Cutting-Edge Latter-day Saint Research, March 2024

Sins of Christendom: Anti-Mormonism and the Making of Evangelicalism

Reviewed by our own Chad Nielsen. 

Evangelical criticism of the Church of Jesus Christ of Latter-day Saints dates back to the earliest days of the Church. Nathaniel Wiewora uses the diverse animus expressed by evangelicals to illuminate how they used an imaginary Church as a proxy to disagree, attack, compromise, and settle differences among themselves. As Wiewora shows, the evangelical practice to contrast itself with the emerging faith not only encompassed but also went beyond religious matters. If Joseph Smith was accused of muddling religious truth, he and his followers also faced accusations of immoral economic practices and a sinful regard for wealth that reflected worries within the evangelical world. Attacks on Latter-day Saints’ emotional religious displays, the Book of Mormon’s authenticity, and the dangerous ideas represented by Nauvoo paralleled similar conflicts. Wiewora traces how the failure to blunt the Church’s success led evangelicals to change their own methods and pursue the religious education infrastructure that came to define parts of the movement.

Calvert, Isaac, Sabrina Bengtzen, and Jessica Ashcraft. “Teaching and Learning Principles in the Church of Jesus Christ of Latter-Day Saints: A Thematic Analysis of the Doctrine and Covenants.” Religions 15, no. 3 (2024): 356.

This article presents pedagogic principles prescribed in the text of the Doctrine and Covenants, a foundational book of scripture from The Church of Jesus Christ of Latter-day Saints. Following a qualitative, thematic analysis of the text, we organized the data into seven themes: character of God as a teacher, learning as the pursuit of truth, attributes of a teacher and learner, warnings in seeking light and truth, learning methods, teaching methods, and non-compulsory teaching and learning. Most noteworthy among these themes is the text’s description of learning as the pursuit of embodied ontological truth and the fundamental questions it raises about the nature of compulsion in learning.

The latest issue of Dialogue recently dropped. To save time instead of inputting every article by hand I’ll refer you to their Table of Contents.

The Life and Adventures of Eli Wiggill: South African 1820 Settler, Wesleyan Missionary, and Latter-day Saint

The autobiography of Eli Wiggill offers a captivating narrative of one family’s journey from Gloucester, England, to South Africa, and eventually to Salt Lake City during the mid-nineteenth century. Eli and Susannah Wiggill’s conversion to The Church of Jesus Christ of Latter-day Saints in South Africa serves as a focal point in their remarkable story. Eli’s retelling vividly portrays their steadfast faith, missionary efforts, and the challenges they faced as pioneers in establishing communities of South African Saints. From their immigration to South Africa to their eventual migration to Zion, the Wiggills’ experiences offer valuable insights into the early history of the Church and the global gathering of its members.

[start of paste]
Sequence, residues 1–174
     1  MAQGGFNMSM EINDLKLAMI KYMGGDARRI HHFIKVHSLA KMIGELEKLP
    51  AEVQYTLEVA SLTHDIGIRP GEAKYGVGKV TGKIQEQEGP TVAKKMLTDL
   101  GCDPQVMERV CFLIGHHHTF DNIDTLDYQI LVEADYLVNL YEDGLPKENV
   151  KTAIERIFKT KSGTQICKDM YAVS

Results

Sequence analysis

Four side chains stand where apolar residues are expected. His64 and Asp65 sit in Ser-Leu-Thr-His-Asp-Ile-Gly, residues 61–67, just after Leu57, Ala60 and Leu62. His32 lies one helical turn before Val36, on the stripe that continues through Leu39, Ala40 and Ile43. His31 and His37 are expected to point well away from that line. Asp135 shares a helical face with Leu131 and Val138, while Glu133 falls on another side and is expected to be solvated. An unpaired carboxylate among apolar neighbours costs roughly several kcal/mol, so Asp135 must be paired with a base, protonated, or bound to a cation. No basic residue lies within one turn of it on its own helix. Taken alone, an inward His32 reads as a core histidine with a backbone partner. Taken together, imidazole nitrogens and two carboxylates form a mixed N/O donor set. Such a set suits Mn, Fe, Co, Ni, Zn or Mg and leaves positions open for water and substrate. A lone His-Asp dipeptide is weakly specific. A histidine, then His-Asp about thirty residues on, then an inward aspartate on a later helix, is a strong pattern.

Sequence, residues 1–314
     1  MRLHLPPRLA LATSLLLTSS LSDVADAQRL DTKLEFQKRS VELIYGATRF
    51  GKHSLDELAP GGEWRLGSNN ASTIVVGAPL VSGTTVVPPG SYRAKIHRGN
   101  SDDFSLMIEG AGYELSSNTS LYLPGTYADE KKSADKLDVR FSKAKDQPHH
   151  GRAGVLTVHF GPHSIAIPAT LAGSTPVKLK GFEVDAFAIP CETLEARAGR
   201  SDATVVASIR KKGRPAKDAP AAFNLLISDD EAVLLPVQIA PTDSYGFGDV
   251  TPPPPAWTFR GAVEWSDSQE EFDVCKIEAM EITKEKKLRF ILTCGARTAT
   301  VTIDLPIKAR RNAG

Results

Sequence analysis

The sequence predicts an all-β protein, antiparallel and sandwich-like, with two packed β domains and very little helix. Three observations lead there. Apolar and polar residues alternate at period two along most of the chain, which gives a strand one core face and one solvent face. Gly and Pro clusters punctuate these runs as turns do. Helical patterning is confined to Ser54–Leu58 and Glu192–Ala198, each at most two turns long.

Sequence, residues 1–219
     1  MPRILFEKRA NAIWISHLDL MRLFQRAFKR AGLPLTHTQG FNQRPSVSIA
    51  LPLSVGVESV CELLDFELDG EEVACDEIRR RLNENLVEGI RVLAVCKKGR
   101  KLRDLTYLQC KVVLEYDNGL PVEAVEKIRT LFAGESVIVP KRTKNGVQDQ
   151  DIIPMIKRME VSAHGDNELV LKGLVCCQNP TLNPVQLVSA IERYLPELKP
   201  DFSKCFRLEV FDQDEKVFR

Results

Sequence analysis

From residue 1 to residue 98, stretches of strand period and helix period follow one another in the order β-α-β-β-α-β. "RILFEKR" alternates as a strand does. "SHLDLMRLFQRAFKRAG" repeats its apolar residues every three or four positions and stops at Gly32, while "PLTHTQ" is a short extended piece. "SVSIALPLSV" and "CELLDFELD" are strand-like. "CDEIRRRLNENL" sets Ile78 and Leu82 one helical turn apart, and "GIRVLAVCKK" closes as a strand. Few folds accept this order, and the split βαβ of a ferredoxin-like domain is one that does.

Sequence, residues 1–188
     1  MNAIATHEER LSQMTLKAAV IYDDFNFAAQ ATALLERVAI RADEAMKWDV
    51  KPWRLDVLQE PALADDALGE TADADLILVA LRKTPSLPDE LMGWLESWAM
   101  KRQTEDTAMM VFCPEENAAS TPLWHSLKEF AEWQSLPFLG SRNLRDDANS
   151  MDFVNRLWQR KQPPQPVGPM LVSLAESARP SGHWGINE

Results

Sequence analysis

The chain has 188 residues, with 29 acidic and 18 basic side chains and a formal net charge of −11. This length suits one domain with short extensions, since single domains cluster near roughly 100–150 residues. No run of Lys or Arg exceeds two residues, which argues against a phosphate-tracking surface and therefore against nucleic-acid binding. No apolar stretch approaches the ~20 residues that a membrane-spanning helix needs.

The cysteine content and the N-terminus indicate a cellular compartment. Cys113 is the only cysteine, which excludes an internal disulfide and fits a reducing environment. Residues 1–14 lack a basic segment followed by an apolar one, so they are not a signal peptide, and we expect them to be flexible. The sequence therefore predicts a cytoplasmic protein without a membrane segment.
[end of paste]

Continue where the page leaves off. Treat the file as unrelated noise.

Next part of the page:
With meticulous attention to detail, The Life and Adventures of Eli Wiggill: South African 1820 Settler, Wesleyan Missionary, and Latter-day Saint presents Wiggill’s original manuscript, enriched with extensive footnotes providing context and clarity. This publication aims to rectify previous shortcomings by preserving the integrity of Wiggill’s narrative while enhancing accessibility for contemporary readers. It not only chronicles a remarkable transnational journey but also sheds light on themes of faith, perseverance, and the pioneering spirit, making it a compelling read for historians, scholars, and anyone interested in the early history of The Church of Jesus Christ of Latter-day Saints and the global migration of its members.

Unique But Not Different: Latter-day Saints in Japan

Unique But Not Different: Latter-day Saints in Japan offers an insightful exploration into the experiences of Japanese members of The Church of Jesus Christ of Latter-day Saints, shedding light on their integration of religious identity within a predominantly non-Christian society. Through comprehensive survey data collected from active practitioners, authors Shinji Takagi, Conan Grames, and Meagan Rainock delve into the challenges and opportunities these Latter-day Saints face. In doing so, they examine the diverse social, political, and ideological backgrounds of Japanese Latter-day Saints, providing valuable insights for scholars, missionaries, Church leaders, and members alike.

With meticulous analysis, the authors navigate topics ranging from personal conversion experiences to religious beliefs and adherence to cultural practices. They examine how Japanese Latter-day Saints successfully negotiate identity conflicts and contribute to the broader societal landscape amidst Japan’s evolving cultural institutions. Offering statistical profiles and key findings tailored to various stakeholders, Unique But Not Different serves as an indispensable resource for understanding the complex dynamics of religious identity and acculturation in Japan, while also providing valuable insights applicable to minority religious practices worldwide.

For Japanese readers, the volume also includes a Japanese Afterword and translations of the summary, findings, tables, and figures.

3 comments for “Cutting-Edge Latter-day Saint Research, March 2024

Comments are closed.